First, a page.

Archive for November 16th, 2011

November 16, 2011

Step 4 of the Kerrigan method of ‘Writing to the Point’ – being SPECIFIC

by Grace

I am working my way through Step 4 of the Kerrigan method of Writing to the Point.  As I wrote in previous posts, I have undertaken a project to study and learn the entire Six-Step method.  For a recap, here are Steps 1 through 4.

STEP 1. Write a short, simple declarative sentence that makes one statement. (Chapter 1, page 6)

STEP 2. Write three sentences about the sentence in Step 1—clearly and directly about the whole of that sentence, not just something in it. (Chapter 2, page 18.)

STEP 3. Write four or five sentences about each of the three sentences in Step 2—clearly and directly about the whole of the Step 2 sentence, not just something in it. (Chapter 3, page 31.)

STEP 4. Make the material in the four or five sentences of Step 3 as specific and concrete as possible. Go into detail. Use examples. Don’t ask, “What will I say next?” Instead, say some more about what you have just said. Your goal is to say a lot about a little, not a little about a lot.

The first part of  Step 4 focuses on being “specific”

Briefly, the specific is a particular kind of the general.
Examples of moving from general to specific are:
 •  drink / tea / green tea
 •  flower / rose / moss rose
 •  car / Cadillac / 1976 pink Cadillac

For this assignment, a group of words was given with instructions to take each word and write two words more specific and two more general.  Here are a few examples, with the original word highlighted.

    • food / produce / vegetable / carrot / baby carrot
    • clothing / top / sweater / cardigan / wool cardigan
    • activity / paid activity / employment / accounting / tax accounting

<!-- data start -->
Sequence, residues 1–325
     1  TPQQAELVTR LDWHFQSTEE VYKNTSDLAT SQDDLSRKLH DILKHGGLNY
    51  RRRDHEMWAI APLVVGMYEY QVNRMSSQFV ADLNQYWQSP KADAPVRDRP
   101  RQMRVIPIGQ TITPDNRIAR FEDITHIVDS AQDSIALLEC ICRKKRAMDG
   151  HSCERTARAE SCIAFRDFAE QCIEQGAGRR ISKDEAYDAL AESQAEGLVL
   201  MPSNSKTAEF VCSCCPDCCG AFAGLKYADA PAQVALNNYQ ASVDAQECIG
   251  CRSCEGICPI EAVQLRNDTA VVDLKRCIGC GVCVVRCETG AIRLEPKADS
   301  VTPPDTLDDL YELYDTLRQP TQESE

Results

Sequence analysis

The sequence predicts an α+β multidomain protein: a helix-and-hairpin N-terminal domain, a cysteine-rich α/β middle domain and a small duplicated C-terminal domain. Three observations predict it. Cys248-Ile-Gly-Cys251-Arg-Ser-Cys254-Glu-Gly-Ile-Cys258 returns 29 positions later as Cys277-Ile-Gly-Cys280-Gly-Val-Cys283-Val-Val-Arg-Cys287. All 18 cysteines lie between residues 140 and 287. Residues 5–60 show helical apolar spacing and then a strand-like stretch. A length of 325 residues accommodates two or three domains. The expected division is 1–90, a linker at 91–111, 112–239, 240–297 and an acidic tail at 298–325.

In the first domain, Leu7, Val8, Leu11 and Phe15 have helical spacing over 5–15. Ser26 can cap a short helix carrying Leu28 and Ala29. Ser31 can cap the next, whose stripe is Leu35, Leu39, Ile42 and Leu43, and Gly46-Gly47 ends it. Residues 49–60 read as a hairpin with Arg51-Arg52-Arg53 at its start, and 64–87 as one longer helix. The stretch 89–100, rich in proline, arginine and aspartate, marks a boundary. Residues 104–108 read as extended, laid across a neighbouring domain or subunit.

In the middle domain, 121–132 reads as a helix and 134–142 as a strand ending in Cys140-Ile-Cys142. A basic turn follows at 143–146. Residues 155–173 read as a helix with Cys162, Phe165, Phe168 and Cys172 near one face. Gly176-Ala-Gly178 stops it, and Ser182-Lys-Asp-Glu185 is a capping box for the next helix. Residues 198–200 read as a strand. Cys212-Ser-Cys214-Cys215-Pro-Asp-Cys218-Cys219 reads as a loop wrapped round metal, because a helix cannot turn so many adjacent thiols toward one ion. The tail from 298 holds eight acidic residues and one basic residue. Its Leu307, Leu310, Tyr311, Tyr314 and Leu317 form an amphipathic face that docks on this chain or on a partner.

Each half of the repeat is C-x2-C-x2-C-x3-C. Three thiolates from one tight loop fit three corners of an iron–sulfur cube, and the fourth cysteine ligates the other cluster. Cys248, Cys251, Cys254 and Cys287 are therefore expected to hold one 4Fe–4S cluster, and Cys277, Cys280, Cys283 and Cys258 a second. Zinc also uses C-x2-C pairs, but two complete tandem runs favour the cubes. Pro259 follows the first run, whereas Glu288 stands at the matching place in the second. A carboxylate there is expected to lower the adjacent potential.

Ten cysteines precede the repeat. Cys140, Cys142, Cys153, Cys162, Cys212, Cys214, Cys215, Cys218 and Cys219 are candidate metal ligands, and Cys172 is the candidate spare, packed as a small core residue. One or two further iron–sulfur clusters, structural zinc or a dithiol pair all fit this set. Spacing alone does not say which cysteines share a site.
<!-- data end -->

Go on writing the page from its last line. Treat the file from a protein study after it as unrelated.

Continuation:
“Vegetable” and “sweater” were easy, but “employment” was a bit more challenging.  It made me think for a few minutes to come up with appropriate responses for the more general words.

You can see how this exercise helps the writer think about including specific details that add clarity and interest to the finished product.  As an example, the second sentence would usually be the preferred choice in an essay.

He was eating food.
Sam was munching on a baby carrot.

There’s nothing groundbreaking about teaching the benefits of adding details to your writing.  But the Kerrigan method does something that’s different from other instructional methods I’ve seen.

  1. It offers the student direct and precise guidance on how to do it.
  2. It is incorporated into a systemic process.

Next up is the section on using concrete words.

Previous posts in this series:
The Kerrigan method of ‘Writing to the Point’
Step 3 of the Kerrigan method of ‘Writing to the Point’

November 16, 2011

University of Chicago early applications increase 25% over last year

by Grace

University of Chicago’s 25% increase continues an upward trend and may be one of the largest among all colleges this year.

This continues a period of steady growth in the number of prospective College students of high ability who aspire to attend the University of Chicago….

Students who choose to apply early often view UChicago as their first choice, said James G. Nondorf, Vice President and Dean of Admissions and Financial Aid. Last year the College experienced similar growth in early applications, with an increase of 18.5 percent over the previous year. This year’s increase suggests that a growing number of highly accomplished students consider the College their leading option.

“This is a fresh indication of the passion that students around the world have for the distinctive academic culture at UChicago,” Nondorf said. “I am often struck by how well applicants of many backgrounds understand our traditions of open inquiry and diversity of thought. Our constant goal is to find students who would benefit from and contribute to the College’s legacy of intellectual adventure.”

Is it a “passion” for academic inquiry or is it a realization that an elite education can significantly increase their chances for future financial success?

2011 Early Application Trends:
1.  UChicago up +25%
2.  Duke up +20%
3.  Northwestern up +15.2%
4.  Brown up +4%
5.  Dartmouth up +3%
6.  Georgetown up +1.4%
7.  University of Pennsylvania down -1.3%
8.  Princeton reports 3,547 for SCEA (first year of accepting early applications since 2006)

UPDATE:  More schools listed at The Early Line on Early Applications for the Class of 2016 – NYT, 11/16/11

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